Health minister Mark Butler has marked the start of National Skin Cancer Action Week by announcing a new government-supported skin cancer prevention campaign.
Delivered in partnership with the Cancer Council, the $10 million 'Slip, Slop, Slap, Seek and Slide' campaign aims to highlight the importance of being SunSmart most common, most costly and one of the most preventable cancers.
Australia has one of the highest rates of skin cancer in the world. An estimated two-in-three Australians will be diagnosed with skin cancer during their lifetime.
Almost twice as many men as women will die from melanoma this year alone.
Despite this, new research released by the Cancer Council shows fewer than half (49 per cent) of Australian men actively seek shade to protect themselves from the sun during summer, and less than a third (29 per cent) regularly use sunscreen.
With over-exposure to UV radiation causing 95 per cent of melanomas, Australians are reminded to use the five forms of sun protection whenever the UV level is three or above - Slip on sun-protective clothing, Slop on broad-spectrum, water-resistant SPF 30 (or higher) sunscreen, Slap on a broad-brimmed hat, Seek shade and Slide on sunglasses.
The new campaign will begin in December.
“Sadly, skin cancer claims the lives of more than 2,000 Australians every year. Yet, there are easy steps we can take to protect ourselves from the sun and reduce our risk of skin cancer," said Mr Butler.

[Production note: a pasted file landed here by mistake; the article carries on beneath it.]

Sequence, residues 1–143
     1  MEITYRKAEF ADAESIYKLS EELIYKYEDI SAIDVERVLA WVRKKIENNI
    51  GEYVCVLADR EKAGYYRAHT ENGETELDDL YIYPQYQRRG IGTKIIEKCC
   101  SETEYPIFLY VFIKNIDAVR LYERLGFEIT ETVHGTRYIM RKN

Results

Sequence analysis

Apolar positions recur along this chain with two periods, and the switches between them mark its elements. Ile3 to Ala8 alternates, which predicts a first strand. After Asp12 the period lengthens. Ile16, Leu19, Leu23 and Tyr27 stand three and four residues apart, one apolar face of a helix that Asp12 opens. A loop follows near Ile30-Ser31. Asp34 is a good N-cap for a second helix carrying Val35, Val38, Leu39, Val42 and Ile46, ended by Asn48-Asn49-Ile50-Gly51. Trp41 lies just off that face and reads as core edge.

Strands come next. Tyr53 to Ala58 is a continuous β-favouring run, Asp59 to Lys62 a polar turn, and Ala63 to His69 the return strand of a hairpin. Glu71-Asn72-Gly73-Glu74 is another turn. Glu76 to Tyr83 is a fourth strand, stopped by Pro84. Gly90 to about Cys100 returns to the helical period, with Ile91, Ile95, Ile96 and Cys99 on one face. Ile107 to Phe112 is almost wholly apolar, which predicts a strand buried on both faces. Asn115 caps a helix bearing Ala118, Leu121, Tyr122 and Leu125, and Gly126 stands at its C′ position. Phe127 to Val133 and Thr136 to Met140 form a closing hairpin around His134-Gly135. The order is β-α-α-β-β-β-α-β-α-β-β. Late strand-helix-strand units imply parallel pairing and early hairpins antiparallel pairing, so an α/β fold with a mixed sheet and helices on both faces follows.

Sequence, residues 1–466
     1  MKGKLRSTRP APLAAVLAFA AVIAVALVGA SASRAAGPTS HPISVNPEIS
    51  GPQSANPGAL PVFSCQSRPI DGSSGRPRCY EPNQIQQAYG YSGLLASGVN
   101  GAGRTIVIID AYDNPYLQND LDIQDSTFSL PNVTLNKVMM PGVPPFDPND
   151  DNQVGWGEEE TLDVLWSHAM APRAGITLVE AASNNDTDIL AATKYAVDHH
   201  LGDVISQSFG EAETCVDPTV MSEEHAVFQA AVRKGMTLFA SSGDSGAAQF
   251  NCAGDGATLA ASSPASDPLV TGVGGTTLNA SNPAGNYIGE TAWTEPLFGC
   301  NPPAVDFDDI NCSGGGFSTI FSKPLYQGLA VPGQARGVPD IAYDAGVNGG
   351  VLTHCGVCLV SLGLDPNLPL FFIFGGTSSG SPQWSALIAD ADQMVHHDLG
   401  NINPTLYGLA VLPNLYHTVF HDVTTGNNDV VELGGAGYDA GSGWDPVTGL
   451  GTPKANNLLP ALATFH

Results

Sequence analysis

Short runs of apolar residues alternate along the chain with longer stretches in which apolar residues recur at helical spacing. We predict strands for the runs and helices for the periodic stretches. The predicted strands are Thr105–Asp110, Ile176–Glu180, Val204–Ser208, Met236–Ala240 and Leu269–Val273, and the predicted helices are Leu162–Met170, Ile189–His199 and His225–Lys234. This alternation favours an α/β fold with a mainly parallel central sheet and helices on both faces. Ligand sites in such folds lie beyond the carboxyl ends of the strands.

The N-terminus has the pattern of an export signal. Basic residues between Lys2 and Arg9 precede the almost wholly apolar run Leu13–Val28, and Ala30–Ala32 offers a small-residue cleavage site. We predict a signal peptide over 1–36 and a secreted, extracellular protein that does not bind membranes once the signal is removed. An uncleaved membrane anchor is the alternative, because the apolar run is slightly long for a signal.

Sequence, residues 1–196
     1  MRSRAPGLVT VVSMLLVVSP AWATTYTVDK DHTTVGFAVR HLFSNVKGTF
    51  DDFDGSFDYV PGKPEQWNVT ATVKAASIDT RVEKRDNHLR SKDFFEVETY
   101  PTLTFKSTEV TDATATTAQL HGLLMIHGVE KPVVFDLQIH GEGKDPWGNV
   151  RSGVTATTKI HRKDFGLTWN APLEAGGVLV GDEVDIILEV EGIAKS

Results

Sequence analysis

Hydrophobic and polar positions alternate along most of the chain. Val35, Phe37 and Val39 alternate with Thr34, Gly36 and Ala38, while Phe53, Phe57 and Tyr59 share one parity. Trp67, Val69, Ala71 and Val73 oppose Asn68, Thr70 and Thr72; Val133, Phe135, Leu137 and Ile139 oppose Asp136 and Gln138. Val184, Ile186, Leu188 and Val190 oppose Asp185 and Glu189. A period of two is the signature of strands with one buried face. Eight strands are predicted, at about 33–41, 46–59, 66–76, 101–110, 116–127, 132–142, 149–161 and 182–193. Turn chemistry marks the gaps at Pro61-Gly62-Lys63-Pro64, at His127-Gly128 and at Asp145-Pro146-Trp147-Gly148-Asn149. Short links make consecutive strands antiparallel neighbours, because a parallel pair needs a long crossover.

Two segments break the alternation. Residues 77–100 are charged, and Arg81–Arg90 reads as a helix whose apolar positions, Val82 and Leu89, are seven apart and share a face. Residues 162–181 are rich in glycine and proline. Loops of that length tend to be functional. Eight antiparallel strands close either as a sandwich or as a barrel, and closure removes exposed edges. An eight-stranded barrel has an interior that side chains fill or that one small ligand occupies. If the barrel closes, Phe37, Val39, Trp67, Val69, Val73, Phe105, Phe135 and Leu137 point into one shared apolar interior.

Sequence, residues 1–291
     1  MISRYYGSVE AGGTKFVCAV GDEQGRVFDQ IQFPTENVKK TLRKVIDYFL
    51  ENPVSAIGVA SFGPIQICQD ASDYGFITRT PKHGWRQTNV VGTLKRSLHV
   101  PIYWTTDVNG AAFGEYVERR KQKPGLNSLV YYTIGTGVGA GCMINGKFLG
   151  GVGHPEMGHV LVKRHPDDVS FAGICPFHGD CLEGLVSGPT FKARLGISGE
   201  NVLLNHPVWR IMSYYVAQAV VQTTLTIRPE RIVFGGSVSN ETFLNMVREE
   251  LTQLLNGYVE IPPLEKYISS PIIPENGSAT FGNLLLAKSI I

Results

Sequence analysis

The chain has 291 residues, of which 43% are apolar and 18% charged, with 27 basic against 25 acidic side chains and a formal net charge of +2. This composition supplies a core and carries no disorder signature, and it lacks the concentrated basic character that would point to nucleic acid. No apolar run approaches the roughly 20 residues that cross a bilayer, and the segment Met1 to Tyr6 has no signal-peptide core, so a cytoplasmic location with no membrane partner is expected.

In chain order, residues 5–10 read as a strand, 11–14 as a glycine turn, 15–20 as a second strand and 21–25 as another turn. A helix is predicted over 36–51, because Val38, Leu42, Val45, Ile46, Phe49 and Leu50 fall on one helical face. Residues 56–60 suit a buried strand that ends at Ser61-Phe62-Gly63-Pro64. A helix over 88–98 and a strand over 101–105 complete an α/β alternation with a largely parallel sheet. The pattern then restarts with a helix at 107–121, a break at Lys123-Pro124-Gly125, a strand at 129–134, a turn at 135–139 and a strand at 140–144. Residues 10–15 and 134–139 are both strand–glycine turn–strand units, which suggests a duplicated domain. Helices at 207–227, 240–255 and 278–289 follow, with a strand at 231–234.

“Fortunately, most skin cancers can be prevented by using all five forms of sun protection – Slip, Slop, Slap, Seek and Slide. Australians will see these messages throughout this summer and next – at the cricket, on TV, on radio, online – to help remind them how to stay safe from our ‘national cancer’.
“Sun protection saves lives, and we are working with our expert partners to save as many Australian lives as possible from this preventable disease.”
“Our new research reinforces that Australians, particularly men, aren’t protecting themselves on a daily basis," said Megan Varlow, Cancer Council Australia’s director of Cancer Control Policy.
“Not only does our research indicate that Australian men aren’t being safe in the sun, it also shows that almost half, often or always, spend time outside during peak UV hours throughout summer.
“This tells us that more needs to be done to remind people of the easy steps they can take to reduce their risk of skin cancer every day.”